Feature Story                                                                                                         Thursday, April 4, 2013


The Emperor Has No Clothes

Harper's Bill C-45 fisheries act under fire from the opposition

Staff/Voice photos


Federal fisheries critic Fin Donnelly speaks Tuesday in Chilliwack about the drastic fishery changes the Harper Conservatives have in store.


ederal NDP fisheries critic Fin Donnelly came fishing for friends in Chilliwack Tuesday—and he got them. Just a couple of dozen showed up at Evergreen Hall, but among the handful of people were some of the most powerful politicians, activists and tribal leaders in the Fraser Valley.


Influential people like Stó:lô elders Ernie Crey and Eddie Gardner and politicians like MLA Gwen O'Mahony and Chilliwack riding NDP candidate Patti MacAhonic.


Other powerhouses at the meeting included long-time activists CRV Ratepayers president Susan Federspiel and Glen Thompson, Cultus Lake Park Board commissioner Owen Skoenberg, Soowahlie elder Larry Commodore and local pipeline activist Sheila Muxlow.


Donnelly has been touring several Lower Mainland municipalities such as Maple Ridge, Surrey and New Westminster, in his capacity as fisheries critic, talking with people about changes to the Navigable Waters Act. And all along the way, he's been making friends and mustering forces against the looming Harper Conservatives' Bill C-45 that he says is bad for Canada, particularly the west coast.


These are more than just simple amendments. Bill C-45 completely restructures everything from the top down and lumps them all into one huge American-styled omnibus bill, making it difficult for the public to review and reporters to write about.


Donnelly told the Voice during a brief interview before the meeting, that his primary focus from what people are telling him is twofold; salmon and habitat protection saddled with a lack of democracy, insinuating the process is based on deception by hiding environmental amendments inside other bills.


"The two big changes that I'm going to be talking about tonight are through budget bills," he said. "They have nothing to do with the budget. They're massive changes to the fisheries act done through the budget bill."


Once Donnelly has assimilated the data, he'll take what he's learned back to Ottawa where he proceed to hammer the Conservatives on the environmental impact and ramifications of the Omnibus Bill.



"It informs my work plan and what I'm doing as western fisheries critic, so that I can ask the minister questions whether its in the House of Commons at Question Period, or at committees."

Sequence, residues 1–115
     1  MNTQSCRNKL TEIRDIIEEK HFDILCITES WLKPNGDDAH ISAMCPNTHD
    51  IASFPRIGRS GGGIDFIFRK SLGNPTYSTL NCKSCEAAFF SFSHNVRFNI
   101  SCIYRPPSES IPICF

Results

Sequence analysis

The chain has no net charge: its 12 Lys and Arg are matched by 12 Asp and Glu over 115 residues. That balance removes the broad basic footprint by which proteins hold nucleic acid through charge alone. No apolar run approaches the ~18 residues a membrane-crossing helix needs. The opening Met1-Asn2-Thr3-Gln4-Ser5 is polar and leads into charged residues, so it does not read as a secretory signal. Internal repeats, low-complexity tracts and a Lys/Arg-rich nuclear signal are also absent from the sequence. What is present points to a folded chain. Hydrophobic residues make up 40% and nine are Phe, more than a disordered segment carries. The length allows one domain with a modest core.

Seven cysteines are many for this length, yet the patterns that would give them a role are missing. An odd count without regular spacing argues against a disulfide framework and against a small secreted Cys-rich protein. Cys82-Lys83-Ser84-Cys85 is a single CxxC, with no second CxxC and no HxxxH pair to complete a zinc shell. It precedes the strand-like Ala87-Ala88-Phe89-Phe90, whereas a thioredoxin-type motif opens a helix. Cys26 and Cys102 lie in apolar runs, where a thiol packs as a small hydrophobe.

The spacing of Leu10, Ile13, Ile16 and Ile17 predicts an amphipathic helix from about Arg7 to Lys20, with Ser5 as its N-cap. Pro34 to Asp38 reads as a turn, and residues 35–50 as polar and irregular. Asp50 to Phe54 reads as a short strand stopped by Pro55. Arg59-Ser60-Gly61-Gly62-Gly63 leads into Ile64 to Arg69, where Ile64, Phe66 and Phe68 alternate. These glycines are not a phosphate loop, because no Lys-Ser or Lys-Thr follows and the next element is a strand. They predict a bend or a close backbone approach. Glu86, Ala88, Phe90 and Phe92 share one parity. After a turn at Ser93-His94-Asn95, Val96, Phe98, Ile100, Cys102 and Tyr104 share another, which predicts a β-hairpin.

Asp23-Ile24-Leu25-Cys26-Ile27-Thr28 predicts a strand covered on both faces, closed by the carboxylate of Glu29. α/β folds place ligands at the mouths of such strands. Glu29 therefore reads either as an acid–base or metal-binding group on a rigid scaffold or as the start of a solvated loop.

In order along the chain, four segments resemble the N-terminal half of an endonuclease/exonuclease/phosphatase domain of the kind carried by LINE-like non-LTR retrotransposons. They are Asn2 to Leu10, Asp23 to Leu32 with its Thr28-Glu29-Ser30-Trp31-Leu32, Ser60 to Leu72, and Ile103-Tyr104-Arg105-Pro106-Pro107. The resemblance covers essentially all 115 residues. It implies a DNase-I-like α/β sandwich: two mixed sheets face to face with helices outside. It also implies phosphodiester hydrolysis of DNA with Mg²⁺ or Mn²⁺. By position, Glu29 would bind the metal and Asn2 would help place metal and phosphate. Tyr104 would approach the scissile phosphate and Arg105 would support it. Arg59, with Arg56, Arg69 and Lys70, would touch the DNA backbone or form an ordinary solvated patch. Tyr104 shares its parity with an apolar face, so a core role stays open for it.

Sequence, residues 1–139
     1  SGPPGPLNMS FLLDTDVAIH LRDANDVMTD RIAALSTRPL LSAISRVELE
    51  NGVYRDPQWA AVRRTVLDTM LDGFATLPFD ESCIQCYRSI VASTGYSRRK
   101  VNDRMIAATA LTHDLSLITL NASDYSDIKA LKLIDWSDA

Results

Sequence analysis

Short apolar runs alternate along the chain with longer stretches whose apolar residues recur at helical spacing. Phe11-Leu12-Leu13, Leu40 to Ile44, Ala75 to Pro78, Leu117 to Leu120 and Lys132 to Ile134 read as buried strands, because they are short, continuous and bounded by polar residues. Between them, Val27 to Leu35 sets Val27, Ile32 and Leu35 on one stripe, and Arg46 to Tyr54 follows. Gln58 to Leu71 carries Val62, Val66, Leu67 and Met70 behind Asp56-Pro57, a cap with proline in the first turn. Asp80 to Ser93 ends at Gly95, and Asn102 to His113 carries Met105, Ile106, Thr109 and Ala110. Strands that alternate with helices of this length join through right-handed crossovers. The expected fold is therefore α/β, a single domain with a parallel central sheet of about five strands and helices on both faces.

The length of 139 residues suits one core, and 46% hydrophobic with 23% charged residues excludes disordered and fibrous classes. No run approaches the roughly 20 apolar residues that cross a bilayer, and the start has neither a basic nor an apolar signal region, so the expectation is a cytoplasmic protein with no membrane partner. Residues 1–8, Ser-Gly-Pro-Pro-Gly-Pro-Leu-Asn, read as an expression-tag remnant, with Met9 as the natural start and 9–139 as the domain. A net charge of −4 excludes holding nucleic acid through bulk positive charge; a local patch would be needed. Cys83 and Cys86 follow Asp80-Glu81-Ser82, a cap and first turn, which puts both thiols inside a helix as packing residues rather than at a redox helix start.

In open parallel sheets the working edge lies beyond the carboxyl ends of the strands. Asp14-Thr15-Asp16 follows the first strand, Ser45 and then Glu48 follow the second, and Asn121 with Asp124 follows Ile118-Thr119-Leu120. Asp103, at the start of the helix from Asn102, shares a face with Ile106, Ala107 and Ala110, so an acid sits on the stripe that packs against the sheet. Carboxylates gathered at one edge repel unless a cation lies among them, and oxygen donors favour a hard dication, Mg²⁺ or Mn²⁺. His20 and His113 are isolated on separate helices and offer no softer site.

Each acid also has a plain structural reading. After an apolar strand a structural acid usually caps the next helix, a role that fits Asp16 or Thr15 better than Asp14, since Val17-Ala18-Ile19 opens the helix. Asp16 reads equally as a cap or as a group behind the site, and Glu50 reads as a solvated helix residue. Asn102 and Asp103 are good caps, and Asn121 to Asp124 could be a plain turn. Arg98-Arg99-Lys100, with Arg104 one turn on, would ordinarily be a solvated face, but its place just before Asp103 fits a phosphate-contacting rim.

Donnelly says he has "a lot" of support in his push for land-based salmon farms which was one of the Cohen Commission recommendations.


"I've got a private members Bill to transition the fish farms to closed containment," he said.


"I think that people recognize that we need wild salmon. We need them protected, and all the other industries that relate to that including our tourism, guide outfitters and the recreation sector, they all love our wild salmon and they realize that the farmed salmon plays a role in impacting us."


Donnelly says that some farms have already made the move onto land, but getting all of them to take their operations out of the ocean will require truckloads of money, and that the federal government may provide some infrastructure funding and grants to boost incentive.


"If it requires funds to make that transition for industry, then lets look at that. Look at what the costs are. I believe there is the public will to do that in British Columbia, so we need to go ahead," he said.


He says the fish farms don't want to wreak havoc on the wild salmon population.


"Mostly, what I hear from industry is they just want to know what the rules are. You know most of them want to be good corporate citizens and maintain a good record. They don't want to wreck the environment."


Another concern is the employment that fish farms provide.


"We don't want to lose jobs, we want to make the transition as painless as possible. But we do also want to maintain the health of our wild salmon."


"The Harper government has gone the exact opposite direction. They have attacked fisheries legislation, and other environmental protection measures."


The public are just beginning to realize what the Harper Conservatives are doing in terms of the environment, which in the eyes of many is contrary to what really should be done.


Harper is spinning the fairy tale. All that's needed now are voters to believe it.




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